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Re: [Synoptic-L] Age of tomb tradition

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  • Chuck Jones
    David, Thanks for the follow up.  I would add that in addition to was buried, and rose on the third day was part of the pre-Pauline tradition also.
    Message 1 of 15 , Jul 25, 2013

      Thanks for the follow up.  I would add that in addition to "was buried," "and rose on the third day" was part of the pre-Pauline tradition also.


      Rev. Chuck Jones
      Atlanta, Georgia

      From: David Mealand <D.Mealand@...>
      To: Synoptic@yahoogroups.com
      Sent: Thursday, July 25, 2013 7:07 AM
      Subject: Re: [Synoptic-L] Age of tomb tradition


      I said “some evidence” i.e. our current evidence tends in that direction
      rather than settles the matter conclusively.

      That there was a burial is in a tradition available to Paul prior to
      54CE, that it was a rock tomb is Mark c.65-75, that it
      was at a site 250m NW to NNW from the Gennath gate was a
      tradition known later which puts it in the area into which the city
      expanded in 41-44CE. However the tradition arose, it reflects the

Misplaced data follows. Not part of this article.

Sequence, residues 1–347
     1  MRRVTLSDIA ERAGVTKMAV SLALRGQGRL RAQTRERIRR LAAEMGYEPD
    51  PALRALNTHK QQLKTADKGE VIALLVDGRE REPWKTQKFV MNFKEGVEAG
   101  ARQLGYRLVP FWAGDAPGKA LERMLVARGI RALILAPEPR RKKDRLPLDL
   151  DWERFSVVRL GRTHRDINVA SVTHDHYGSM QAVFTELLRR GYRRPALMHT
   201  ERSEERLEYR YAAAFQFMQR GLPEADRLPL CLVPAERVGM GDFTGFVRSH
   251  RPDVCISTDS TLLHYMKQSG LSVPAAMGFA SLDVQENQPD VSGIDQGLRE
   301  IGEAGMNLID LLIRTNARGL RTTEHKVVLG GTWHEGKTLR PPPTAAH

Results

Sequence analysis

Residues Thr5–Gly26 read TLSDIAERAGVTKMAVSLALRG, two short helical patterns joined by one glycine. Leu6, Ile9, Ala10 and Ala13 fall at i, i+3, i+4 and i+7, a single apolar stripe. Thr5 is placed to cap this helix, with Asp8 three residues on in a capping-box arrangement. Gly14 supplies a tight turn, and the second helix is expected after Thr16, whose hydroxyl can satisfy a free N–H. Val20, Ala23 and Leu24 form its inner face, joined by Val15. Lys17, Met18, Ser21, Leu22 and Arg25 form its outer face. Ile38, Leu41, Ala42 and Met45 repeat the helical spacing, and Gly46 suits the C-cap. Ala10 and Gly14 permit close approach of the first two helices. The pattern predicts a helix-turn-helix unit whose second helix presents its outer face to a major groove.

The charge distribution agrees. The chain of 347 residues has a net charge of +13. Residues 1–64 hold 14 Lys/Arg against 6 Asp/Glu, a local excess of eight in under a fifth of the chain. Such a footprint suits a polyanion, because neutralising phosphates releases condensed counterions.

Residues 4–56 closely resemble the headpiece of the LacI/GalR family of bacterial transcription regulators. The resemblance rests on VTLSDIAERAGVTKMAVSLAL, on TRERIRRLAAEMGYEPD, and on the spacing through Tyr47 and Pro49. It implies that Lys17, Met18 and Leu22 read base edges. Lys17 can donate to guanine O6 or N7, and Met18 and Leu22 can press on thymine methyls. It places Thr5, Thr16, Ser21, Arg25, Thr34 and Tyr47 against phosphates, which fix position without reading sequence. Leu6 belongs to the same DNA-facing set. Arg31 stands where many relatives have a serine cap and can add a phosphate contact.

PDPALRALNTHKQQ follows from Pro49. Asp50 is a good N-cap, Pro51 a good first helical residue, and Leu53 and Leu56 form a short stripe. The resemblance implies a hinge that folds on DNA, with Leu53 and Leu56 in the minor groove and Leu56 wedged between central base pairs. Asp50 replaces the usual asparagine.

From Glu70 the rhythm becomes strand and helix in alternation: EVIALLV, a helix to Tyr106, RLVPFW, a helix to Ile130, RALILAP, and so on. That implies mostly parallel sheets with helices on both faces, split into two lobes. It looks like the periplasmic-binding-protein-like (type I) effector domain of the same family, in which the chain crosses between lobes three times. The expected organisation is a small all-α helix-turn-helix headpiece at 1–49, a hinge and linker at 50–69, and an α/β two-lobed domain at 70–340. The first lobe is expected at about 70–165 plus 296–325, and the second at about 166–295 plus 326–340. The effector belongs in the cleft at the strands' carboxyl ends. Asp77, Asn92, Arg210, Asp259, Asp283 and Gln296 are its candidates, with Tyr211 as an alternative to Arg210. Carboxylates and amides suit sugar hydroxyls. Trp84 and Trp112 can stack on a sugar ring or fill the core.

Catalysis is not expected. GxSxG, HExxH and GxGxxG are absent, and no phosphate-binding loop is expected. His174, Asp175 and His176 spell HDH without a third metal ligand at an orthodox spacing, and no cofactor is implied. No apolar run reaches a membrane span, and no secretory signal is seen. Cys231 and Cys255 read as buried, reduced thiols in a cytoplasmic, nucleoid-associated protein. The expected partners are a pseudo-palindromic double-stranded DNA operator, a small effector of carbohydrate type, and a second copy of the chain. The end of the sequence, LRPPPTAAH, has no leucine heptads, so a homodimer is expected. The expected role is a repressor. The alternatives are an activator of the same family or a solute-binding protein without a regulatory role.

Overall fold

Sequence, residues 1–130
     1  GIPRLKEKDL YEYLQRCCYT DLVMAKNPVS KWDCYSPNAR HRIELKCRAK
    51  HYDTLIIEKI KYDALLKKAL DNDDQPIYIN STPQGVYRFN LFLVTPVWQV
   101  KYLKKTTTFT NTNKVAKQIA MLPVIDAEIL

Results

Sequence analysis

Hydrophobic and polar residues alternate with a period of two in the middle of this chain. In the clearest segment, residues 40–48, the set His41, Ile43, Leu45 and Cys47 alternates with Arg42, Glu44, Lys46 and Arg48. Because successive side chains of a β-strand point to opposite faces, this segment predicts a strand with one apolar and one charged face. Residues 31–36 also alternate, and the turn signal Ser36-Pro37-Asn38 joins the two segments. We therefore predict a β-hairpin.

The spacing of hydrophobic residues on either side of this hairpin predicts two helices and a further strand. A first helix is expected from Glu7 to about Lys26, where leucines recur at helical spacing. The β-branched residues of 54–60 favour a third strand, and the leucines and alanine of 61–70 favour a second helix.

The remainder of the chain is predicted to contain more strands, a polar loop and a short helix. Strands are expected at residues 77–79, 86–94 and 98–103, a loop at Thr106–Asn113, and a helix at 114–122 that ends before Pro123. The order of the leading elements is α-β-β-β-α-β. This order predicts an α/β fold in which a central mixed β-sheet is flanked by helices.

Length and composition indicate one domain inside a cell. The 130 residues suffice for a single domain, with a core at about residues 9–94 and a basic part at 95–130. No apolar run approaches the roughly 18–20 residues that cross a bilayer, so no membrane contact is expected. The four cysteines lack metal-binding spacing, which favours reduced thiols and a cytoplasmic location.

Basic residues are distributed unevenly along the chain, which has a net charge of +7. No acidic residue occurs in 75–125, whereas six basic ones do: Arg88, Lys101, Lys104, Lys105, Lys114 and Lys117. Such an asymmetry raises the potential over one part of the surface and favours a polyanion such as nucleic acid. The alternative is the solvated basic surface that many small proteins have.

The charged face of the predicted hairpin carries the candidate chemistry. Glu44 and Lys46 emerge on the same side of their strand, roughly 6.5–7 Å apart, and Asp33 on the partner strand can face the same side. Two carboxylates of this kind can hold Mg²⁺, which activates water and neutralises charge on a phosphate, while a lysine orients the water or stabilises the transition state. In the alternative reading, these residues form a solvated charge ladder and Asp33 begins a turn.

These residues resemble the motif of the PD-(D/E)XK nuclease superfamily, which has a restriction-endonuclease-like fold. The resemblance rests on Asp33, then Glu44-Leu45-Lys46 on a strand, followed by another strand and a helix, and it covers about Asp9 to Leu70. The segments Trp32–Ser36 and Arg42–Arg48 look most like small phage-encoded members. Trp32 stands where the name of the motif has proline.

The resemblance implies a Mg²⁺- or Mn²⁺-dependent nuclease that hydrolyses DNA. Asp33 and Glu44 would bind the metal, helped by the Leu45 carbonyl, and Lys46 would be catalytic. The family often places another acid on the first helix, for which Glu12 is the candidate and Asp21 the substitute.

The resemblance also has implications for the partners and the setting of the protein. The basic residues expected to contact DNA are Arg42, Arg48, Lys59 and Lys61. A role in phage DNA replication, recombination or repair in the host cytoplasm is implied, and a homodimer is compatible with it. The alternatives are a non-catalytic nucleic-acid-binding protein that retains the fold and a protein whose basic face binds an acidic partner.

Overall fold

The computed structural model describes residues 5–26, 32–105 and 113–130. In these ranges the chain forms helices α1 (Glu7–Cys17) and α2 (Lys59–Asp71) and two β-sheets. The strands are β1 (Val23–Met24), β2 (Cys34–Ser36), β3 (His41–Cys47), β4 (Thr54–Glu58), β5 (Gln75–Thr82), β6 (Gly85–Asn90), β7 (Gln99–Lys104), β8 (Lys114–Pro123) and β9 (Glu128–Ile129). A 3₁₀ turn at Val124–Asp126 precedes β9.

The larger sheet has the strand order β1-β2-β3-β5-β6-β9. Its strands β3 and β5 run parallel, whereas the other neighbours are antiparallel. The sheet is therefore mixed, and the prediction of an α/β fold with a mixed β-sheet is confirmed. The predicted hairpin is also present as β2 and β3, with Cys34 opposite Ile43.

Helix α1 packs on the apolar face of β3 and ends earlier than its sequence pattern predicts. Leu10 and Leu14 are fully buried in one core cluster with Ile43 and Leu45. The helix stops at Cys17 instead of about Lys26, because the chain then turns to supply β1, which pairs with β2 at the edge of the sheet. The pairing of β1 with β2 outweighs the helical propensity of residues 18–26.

details of the topography prior to 44CE.

      Two carefully argued discussions of the relevant sites can be found on
      the web:

      The first is by Dan Bahat who was the Jerusalem city archaeologist.
      See http://www.bib-arch.org/online-exclusives/easter-06.asp

      The second is the revision of her earlier more sceptical view of the
      matter by Joan E. Taylor.
      (Those with access to NTS 44.2 will find a better version there with
      the correct scripts.)

      David M.

      David Mealand, University of Edinburgh

      The University of Edinburgh is a charitable body, registered in
      Scotland, with registration number SC005336.

      [Non-text portions of this message have been removed]
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